The Green line extension to Somerville and Medford, which was almost killed by Mitt Romney, has been revived and is well on its way to reality. This is partly due to some great legislators, and also partly due to Patrick’s support and attention to detail. He saved Massachusetts from losing a lot of federal funding for it, too – the federal government was going to pull it because of the state the project was in before Patrick. And another long talked about project that was going to die, the Boston – South Coast rail, he also revived. The state has actually done things like secure the rights of way and federal funding, and this is likely to happen in the next few years. Trains to New Bedford and Fall River will reduce car traffic and help people get to jobs and increase land values and help the economy, and it’s long overdue.
He also helped accomplish another big, important reform, in education, though that was just at the beginning of this year so I don’t know if we can see a lot of effect yet. But it bridged the competing points of view on charter schools by creating a new class of charters that are more integrated into their public school districts while remaining individually flexible. It also made it easier to promote good teachers and lay off bad teachers, something that’s sensible but politically very hard to do.
And, Patrick helped with an important reform of the CORI system, though that was driven more by some members of the legislature.
It’s easy to forget now because a couple of years have passed, but Patrick and the legislature made some great advances in renwable energy and energy efficiency and promoting the growth of new energy businesses in Massachusetts, in the 2006/2007 legislative session. They haven’t gone much further since, because of the economic crisis. And of course Patrick supports Cape Wind while Baker promises to try to kill it if he can.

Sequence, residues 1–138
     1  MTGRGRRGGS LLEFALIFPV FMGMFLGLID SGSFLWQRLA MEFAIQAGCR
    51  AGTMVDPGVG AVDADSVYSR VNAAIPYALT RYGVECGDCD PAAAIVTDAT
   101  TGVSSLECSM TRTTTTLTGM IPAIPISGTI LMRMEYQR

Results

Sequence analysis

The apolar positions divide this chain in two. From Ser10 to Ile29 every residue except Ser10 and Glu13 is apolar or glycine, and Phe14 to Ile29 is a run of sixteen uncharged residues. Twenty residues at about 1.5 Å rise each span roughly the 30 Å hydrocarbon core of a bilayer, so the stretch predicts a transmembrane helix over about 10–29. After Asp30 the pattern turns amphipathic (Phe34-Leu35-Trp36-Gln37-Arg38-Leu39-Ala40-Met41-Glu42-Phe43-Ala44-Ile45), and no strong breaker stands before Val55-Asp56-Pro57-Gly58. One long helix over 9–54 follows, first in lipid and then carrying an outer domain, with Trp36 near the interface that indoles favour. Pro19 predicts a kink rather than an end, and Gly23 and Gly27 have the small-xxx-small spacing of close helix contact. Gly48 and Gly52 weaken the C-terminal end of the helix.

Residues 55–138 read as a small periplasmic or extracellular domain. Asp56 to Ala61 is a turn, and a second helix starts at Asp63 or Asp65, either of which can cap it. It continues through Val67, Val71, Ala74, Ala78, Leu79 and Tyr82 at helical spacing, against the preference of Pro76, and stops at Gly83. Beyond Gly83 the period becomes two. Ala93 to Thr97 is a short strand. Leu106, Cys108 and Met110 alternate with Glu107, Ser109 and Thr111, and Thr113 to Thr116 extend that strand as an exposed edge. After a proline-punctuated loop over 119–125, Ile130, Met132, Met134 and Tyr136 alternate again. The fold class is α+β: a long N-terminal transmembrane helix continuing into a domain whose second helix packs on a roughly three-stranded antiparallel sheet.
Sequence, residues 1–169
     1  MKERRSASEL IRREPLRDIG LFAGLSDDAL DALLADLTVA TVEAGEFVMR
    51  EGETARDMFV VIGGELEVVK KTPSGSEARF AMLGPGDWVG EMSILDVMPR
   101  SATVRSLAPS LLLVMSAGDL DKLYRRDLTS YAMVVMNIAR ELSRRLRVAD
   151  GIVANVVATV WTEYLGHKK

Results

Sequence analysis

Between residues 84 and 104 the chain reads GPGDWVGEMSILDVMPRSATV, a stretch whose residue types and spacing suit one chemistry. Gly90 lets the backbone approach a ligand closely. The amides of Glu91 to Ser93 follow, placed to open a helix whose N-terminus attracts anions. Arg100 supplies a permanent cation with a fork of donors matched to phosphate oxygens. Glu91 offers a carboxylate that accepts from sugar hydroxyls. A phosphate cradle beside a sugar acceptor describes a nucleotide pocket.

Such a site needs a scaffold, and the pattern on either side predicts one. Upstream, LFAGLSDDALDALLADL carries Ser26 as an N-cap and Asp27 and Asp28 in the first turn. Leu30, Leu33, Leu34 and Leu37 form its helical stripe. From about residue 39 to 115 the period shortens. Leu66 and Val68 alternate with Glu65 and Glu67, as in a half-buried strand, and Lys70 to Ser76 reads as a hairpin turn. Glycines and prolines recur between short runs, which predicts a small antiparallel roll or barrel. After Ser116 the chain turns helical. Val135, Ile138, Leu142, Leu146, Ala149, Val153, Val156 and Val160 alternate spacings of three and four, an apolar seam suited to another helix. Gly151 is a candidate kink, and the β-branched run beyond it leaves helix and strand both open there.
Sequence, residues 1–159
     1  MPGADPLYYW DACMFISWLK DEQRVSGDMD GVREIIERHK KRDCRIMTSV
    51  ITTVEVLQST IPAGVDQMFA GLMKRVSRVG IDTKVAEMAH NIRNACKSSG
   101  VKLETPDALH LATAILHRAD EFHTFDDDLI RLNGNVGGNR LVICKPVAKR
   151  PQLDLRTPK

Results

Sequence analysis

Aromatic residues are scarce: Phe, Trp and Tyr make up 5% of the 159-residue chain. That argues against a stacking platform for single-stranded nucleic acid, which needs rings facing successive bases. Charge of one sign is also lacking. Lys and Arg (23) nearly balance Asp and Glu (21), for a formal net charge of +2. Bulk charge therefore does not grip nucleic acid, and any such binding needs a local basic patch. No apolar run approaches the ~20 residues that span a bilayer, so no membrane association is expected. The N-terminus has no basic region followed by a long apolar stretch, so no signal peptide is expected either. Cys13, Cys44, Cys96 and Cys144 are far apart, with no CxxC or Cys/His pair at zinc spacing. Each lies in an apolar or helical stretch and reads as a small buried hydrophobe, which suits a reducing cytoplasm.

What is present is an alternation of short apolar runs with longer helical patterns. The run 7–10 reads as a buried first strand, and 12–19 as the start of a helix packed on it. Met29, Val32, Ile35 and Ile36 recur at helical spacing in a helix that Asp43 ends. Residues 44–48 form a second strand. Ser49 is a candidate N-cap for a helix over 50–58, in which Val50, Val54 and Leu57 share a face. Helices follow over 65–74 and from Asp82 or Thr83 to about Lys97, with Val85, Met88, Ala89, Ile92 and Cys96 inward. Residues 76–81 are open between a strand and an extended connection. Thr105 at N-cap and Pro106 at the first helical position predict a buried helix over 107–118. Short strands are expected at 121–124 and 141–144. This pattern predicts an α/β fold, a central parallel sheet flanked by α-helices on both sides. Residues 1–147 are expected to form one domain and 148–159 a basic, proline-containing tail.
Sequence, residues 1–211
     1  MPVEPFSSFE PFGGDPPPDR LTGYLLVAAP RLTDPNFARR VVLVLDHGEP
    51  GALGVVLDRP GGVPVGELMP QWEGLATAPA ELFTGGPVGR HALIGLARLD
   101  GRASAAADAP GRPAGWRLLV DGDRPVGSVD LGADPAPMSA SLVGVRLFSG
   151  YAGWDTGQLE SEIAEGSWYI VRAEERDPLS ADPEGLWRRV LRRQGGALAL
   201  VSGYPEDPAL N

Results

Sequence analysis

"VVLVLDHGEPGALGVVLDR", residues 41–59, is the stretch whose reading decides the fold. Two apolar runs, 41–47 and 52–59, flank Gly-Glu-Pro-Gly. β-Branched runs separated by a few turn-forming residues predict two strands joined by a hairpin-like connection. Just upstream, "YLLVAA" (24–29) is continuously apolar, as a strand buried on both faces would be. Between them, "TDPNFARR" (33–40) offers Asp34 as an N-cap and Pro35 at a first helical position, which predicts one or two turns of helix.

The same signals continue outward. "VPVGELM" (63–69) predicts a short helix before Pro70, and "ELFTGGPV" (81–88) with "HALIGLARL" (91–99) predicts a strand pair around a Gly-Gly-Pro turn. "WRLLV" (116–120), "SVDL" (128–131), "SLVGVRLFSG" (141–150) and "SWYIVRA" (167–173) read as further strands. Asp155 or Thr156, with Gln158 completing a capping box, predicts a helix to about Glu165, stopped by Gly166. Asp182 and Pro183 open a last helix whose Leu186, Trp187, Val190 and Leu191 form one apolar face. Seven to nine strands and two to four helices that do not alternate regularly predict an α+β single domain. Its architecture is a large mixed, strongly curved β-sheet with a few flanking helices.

Also, Deval Patrick fought really hard to defeat the constitutional amendment that would’ve banned gay marriage. That was both the right and admirable thing to do, and also quite a service to the state, because if that had been on the 2008 ballot it would’ve been awful. And now he’s supporting a transgender equal rights bill, which Charlie Baker opposes merely for the purposes of political pandering as far as I can tell.
Charlie Baker talks up his record but as far as I can tell, his record when he was in state government was not particularly impressive. Other than his record, though, all he seems to offer are vague promises that he can’t back up with details. I think it means he’d be a lot like Patrick’s three predecessors, who never bothered to learn the details when they were in office. But even if Charlie Baker didn’t seem clueless, or evasive, or negligent – as he does – it still wouldn’t be reason to un-elect a Governor who’s doing such an effective job in such a difficult time.